Thomas Monaghan VC

b. 18/04/1833 Abergavenny, Wales. d. 10/11/1895 Woolwich, London.

Thomas Monaghan (1833-1895) was born in Abergavenny, Monmouthshire, Wales on 18th October 1833. He would join the Army at the age of just 14 as a boy soldier. He enlisted with the 2nd Dragoon Guards (Queen’s Bays) and by the time of his VC action in October 1858, he had risen to the rank of Trumpeter.

Thomas Monaghan VC

On 8th October 1858, during the aftermath of a pursuit and defeat of a large band of mutineers at Sundelee near Jamo, Oudh Province, Major W.H. Seymour of the 2nd Dragoon Guards learned that some rebels were hiding in a nearby sugar-cane plantation. Taking about forty men from the Rifles, he rushed into the crops, when, suddenly, the mutineers – standing only a few feet away – opened fire and attacked with tulwars. One officer was hacked to death and another badly wounded. Seymour was on the point of being overwhelmed when two men came to his aid, one being Trumpeter Thomas Monaghan, and managed to fight off the assailants.

Due to some delays, his and Charles Anderson’s citations were finally published on 11th November 1862, and they received their Crosses at a presentation from General Sir Hugh Rose at Benares on 5th January 1863. Little is known about Monaghan’s life after this service. He died on 10th November 1895 aged 62 at his home, 1 Pellipar Road, Woolwich. He was buried in Woolwich New Cemetery. The grave soon became overgrown and neglected, and it wasn’t until 1967 that something was done.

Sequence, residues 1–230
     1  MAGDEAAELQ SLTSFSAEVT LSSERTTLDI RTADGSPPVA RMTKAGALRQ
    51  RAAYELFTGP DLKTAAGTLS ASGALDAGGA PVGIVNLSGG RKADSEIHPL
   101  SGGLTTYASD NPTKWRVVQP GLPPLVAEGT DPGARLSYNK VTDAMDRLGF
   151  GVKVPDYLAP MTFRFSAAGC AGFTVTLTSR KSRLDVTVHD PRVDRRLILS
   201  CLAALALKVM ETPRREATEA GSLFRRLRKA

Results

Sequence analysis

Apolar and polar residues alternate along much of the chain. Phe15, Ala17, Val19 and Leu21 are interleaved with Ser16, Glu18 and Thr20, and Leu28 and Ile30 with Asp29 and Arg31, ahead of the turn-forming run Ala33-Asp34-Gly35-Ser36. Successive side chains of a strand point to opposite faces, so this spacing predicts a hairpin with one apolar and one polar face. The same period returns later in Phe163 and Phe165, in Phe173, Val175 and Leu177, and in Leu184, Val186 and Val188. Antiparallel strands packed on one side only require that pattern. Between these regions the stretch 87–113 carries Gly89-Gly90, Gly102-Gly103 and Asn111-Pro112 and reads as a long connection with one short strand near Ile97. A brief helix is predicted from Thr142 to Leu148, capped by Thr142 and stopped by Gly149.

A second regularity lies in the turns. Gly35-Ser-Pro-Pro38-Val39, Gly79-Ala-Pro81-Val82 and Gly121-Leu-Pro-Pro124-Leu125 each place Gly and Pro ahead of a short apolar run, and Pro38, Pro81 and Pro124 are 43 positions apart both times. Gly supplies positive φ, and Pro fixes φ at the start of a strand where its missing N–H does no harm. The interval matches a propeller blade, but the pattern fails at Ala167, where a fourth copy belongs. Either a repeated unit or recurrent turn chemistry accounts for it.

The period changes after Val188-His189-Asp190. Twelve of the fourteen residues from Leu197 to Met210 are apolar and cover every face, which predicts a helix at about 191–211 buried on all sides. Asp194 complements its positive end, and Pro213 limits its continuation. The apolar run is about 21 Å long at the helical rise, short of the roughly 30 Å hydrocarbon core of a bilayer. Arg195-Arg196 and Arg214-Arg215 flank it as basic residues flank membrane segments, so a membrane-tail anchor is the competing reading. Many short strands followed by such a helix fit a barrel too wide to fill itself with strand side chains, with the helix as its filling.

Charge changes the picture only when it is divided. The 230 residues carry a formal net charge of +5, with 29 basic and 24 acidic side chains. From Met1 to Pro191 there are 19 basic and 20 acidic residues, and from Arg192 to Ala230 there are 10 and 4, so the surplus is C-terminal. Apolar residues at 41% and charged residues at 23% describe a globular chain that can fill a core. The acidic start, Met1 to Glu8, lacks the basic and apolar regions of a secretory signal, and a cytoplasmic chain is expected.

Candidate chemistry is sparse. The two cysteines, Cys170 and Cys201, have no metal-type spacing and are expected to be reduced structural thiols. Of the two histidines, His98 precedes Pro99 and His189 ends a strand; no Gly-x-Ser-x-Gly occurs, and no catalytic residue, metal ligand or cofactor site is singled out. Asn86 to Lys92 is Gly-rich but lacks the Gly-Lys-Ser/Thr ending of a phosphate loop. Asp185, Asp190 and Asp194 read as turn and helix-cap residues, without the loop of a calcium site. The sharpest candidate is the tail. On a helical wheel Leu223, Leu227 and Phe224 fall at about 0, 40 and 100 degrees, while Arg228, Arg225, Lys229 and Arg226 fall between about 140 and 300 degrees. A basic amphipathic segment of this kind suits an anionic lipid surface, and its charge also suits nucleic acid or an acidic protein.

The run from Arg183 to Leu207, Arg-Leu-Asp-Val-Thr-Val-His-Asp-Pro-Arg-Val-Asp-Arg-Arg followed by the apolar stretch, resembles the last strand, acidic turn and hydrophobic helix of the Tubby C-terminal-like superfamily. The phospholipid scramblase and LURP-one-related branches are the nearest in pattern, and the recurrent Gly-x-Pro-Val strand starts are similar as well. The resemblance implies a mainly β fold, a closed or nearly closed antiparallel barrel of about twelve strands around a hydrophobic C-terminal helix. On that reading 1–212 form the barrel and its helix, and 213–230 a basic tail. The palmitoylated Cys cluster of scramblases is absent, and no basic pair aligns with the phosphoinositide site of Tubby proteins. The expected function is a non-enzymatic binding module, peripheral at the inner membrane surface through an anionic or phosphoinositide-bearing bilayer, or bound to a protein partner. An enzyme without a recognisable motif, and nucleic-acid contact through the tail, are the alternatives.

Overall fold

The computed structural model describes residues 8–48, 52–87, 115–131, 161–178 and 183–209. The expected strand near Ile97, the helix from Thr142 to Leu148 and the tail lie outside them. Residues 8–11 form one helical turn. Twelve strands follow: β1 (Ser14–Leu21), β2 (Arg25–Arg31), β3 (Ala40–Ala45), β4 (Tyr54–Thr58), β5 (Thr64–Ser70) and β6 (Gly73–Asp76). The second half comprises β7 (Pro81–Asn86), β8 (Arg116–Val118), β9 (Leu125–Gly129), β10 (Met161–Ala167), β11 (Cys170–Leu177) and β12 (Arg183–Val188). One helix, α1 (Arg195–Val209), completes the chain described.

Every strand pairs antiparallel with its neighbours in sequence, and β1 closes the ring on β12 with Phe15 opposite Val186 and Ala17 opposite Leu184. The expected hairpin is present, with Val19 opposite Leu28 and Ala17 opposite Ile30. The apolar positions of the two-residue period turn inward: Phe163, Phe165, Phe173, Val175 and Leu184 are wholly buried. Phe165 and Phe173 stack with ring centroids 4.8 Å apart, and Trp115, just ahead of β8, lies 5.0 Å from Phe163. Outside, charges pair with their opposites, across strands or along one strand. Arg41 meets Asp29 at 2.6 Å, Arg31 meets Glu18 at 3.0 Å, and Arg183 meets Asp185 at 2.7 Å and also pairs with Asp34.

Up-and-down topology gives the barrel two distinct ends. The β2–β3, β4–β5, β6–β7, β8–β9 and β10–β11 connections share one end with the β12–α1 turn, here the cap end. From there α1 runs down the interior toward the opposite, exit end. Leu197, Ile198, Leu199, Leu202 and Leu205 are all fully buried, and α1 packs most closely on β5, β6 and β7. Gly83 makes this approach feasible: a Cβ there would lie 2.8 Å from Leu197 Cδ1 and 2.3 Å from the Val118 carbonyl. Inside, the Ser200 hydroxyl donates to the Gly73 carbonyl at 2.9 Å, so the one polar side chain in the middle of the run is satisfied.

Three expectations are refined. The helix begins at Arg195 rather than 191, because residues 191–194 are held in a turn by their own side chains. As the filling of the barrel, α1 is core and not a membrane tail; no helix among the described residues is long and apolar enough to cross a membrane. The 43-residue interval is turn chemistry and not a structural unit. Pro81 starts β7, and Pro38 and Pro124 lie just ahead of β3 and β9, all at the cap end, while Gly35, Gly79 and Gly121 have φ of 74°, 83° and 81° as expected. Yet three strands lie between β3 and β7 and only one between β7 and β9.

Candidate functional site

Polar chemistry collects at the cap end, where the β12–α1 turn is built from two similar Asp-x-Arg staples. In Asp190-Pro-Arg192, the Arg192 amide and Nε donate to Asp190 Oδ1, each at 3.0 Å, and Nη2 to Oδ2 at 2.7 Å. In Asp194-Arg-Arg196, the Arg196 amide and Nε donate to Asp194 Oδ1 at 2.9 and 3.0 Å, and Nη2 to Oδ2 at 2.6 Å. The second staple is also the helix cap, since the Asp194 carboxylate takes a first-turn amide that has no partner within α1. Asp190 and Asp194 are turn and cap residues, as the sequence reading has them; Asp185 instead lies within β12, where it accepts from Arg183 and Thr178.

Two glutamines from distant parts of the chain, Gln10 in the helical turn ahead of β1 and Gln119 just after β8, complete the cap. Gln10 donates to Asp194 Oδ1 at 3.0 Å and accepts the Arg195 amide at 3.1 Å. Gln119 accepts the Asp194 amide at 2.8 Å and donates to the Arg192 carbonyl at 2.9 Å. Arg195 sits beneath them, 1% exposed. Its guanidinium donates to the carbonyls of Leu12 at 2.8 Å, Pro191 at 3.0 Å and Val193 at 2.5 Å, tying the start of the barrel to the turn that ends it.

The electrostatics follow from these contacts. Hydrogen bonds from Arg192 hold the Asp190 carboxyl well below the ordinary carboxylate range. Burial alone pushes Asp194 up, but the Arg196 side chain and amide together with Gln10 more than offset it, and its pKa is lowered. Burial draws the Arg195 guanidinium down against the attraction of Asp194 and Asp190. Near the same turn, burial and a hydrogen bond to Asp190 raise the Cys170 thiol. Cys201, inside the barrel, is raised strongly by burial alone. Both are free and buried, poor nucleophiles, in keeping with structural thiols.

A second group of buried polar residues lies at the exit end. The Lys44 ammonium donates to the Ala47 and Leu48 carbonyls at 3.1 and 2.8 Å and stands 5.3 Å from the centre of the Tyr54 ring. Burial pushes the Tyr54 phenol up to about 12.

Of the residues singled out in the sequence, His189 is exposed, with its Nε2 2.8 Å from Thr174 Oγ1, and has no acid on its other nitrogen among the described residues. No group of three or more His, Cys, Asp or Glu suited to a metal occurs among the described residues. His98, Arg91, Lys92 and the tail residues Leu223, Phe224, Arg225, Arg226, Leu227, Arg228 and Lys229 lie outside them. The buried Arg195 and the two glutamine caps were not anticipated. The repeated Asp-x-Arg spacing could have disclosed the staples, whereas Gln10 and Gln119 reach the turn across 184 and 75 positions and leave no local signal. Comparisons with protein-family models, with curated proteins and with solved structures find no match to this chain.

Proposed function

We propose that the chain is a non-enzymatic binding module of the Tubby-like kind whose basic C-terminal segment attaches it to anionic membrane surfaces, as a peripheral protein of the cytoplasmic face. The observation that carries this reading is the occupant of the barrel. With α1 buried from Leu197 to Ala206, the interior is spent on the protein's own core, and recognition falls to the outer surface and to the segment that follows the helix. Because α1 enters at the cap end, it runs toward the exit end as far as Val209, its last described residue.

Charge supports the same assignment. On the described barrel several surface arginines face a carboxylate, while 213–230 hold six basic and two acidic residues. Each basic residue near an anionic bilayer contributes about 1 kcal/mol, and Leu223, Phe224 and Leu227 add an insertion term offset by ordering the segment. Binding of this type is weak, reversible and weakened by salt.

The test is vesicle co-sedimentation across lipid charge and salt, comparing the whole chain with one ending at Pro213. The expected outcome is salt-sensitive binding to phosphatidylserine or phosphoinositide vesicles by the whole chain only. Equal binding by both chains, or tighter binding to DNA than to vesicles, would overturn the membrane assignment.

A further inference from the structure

That year, his VC came up for sale at auction and was purchased by an officer of the Regiment. The search then began to trace his gravesite in Woolwich, and the Old Comrades Association (OCA) paid for and erected a new headstone over his unmarked grave. In November 2007, the Regimental Secretary received a letter from a lady who had visited his grave and stated the grave had fallen into disrepair again. Following some legal issues, the OCA purchased the plot for £56 and renovated the grave. His medals are now held by the 1st Dragoon Guards Regimental Museum, Cardiff Castle. In 2018, they were sold to Michael Ashcroft, and are now on display in the Ashcroft Gallery, Imperial War Museum, London. 






Kevin Brazier – Monaghan VC Grave Image, and the Cemetery Plan.

Thomas Stewart – Image of the Monaghan VC Medal at the Imperial War Museum, London.